Lewis’ daughter Mallory gave D’Apolito access to her mother’s friends, and the magician David Copperfield had all of the ventriloquist’s archival materials, including TV shows no one had ever seen.

She learned that Lewis was born Phyllis Naomi Hurwitz. Her father Abraham, a native of Lithuania, was a professor at Yeshiva University in New York and a gifted magician whom Mayor Fiorello La Guardia dubbed “New York City’s official magician” during the Great Depression.

“Her father was known as Peter Pan the Magic Man. He was a professor of math but also a magician,” said D’Apolito.

As a child, Shari learned acrobatics and how to juggle and twirl a baton.

Shari Lewis defied ageism by having her biggest comeback in her 60s, endearing her to a new generation with Lamb Chop’s Play-A-Long in the 1990s. She was 65 when she died in 1998.

“Her mother was head of music at Bronx School so Shari was also a violinist, pianist and dancer,” said D’Apolito. “Shari grew up in a colorful household where she was exposed to magicians and puppeteers and ventriloquists. It was the age of vaudeville so she was exposed to all the vaudeville entertainers.”

Lewis was 20 in 1953 when she broke into TV with a variety show that encompassed craftmaking, songs, informational segments, interviews with personalities and two ventriloquist dummies.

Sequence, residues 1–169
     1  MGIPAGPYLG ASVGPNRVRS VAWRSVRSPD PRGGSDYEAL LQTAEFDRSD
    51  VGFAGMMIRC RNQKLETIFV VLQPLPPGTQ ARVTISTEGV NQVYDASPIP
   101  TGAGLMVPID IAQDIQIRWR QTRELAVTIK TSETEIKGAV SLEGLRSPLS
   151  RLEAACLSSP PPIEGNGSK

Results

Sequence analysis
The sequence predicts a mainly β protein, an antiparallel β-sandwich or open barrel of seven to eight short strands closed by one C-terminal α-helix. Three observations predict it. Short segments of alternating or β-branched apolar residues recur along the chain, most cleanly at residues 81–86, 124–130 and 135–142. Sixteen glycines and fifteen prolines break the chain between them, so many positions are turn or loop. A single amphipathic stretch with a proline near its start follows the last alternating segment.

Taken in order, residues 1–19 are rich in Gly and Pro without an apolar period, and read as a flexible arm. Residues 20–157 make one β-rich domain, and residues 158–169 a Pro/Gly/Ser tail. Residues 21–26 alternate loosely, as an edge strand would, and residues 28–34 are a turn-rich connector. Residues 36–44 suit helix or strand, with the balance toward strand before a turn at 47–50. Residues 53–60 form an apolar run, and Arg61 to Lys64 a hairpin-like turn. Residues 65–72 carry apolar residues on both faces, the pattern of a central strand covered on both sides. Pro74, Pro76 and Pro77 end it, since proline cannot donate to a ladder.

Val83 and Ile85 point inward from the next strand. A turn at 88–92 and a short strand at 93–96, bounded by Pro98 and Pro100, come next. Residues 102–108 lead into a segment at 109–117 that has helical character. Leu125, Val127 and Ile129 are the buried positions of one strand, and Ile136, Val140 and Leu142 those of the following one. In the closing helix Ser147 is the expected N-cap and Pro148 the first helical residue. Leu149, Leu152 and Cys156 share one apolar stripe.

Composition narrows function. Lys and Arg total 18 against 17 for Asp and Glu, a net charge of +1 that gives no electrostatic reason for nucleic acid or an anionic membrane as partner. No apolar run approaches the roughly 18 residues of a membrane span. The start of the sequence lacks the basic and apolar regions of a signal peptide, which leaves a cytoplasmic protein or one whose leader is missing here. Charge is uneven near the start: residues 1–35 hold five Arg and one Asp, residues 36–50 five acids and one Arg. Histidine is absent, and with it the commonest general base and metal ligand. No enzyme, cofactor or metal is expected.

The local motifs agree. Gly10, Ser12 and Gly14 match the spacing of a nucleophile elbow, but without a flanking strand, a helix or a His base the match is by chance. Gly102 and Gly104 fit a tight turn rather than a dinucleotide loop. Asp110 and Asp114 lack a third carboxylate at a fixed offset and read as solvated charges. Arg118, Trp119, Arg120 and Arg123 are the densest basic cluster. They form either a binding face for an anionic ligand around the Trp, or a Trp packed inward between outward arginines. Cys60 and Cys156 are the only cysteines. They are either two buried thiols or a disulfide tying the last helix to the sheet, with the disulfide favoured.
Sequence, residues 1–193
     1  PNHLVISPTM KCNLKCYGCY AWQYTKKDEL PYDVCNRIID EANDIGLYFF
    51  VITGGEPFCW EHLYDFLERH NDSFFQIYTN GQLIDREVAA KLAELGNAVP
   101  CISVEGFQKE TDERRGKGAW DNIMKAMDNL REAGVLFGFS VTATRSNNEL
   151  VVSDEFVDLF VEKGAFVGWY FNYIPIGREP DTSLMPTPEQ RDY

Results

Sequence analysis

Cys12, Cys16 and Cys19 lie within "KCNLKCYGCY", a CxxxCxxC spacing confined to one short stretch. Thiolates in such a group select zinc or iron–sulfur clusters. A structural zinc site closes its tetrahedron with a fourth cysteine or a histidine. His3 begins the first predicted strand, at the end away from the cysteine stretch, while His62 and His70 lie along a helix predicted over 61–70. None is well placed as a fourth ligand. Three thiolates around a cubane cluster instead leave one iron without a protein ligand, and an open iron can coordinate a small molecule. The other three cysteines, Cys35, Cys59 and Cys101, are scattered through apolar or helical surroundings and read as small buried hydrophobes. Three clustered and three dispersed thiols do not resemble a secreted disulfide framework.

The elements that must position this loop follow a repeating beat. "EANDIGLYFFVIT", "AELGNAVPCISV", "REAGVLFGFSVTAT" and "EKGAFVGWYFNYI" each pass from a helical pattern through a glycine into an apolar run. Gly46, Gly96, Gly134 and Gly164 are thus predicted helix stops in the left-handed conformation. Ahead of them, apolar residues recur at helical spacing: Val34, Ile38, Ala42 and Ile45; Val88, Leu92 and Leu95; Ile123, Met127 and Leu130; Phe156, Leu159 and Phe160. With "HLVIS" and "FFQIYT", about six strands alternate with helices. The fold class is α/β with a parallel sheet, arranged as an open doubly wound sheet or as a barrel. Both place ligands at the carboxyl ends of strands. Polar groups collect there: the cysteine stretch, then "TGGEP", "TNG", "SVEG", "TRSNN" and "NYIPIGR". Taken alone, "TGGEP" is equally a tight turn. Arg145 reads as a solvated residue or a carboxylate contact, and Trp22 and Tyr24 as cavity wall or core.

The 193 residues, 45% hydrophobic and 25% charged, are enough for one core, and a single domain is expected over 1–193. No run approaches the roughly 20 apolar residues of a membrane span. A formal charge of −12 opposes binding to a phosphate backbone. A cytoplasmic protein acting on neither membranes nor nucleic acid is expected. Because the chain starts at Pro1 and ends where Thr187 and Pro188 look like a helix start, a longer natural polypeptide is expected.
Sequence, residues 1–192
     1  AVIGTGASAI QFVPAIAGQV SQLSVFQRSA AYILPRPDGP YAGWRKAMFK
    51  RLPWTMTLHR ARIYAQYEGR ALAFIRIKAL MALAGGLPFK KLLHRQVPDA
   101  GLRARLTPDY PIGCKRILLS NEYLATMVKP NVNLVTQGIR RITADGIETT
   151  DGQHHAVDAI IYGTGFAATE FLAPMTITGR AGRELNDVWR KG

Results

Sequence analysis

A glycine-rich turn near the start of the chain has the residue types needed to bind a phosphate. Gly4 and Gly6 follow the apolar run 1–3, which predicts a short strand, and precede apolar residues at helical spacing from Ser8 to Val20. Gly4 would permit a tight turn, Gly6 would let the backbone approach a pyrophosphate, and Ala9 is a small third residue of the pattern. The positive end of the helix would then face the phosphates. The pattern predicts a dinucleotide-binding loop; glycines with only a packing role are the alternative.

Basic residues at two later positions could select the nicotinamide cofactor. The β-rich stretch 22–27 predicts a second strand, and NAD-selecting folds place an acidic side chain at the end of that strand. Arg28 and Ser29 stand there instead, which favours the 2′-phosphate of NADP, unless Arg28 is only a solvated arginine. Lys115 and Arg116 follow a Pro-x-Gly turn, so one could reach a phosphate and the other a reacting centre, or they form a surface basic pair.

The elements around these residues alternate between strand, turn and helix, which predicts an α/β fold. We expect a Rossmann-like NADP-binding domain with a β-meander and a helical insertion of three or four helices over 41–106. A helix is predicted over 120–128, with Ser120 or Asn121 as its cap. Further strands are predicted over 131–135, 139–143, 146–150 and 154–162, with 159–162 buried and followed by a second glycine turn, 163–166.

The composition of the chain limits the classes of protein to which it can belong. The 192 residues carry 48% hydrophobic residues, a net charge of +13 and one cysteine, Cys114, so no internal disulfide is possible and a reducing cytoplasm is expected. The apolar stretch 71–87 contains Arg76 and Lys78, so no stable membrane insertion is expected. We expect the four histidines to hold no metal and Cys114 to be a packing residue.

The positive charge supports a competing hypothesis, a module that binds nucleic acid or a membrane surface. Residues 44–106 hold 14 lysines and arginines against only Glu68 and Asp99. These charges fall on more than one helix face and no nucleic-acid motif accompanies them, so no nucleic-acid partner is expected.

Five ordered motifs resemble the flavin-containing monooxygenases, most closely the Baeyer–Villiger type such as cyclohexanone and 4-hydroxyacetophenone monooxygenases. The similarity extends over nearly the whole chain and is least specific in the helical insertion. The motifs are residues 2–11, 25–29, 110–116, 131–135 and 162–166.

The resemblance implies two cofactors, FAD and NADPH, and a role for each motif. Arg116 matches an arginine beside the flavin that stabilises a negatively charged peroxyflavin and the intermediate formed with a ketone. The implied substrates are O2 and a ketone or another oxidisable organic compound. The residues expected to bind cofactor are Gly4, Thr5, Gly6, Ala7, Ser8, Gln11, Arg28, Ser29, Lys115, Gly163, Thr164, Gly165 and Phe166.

She created Lamb Chop, a sassy alter-ego for herself, for Captain Kangaroo in 1956, and NBC gave her her own show, “The Shari Lewis Show,” in 1960, replacing The Howdy Doody Show. The “Shari Lewis Show” ran until September 1963, during which time Lewis won 12 Emmy Awards and a Peabody Award.

But Lewis didn’t cater just to children. Over five decades she also made forays into the adult world, with late-night talk show performances and an adult version of her show that took Lamb Chop to Las Vegas.

“She was also in ‘Playboy after Dark’—not without her clothes on,” said D’Apolito.

Shari often used her puppets to say things women couldn’t say at the time, D’Apolito said. In 1962, for instance, she taped a scene where Hush Puppy alluded to being president of the United States and Lamb Chop retorted: “You can’t be president. You’re a girl.”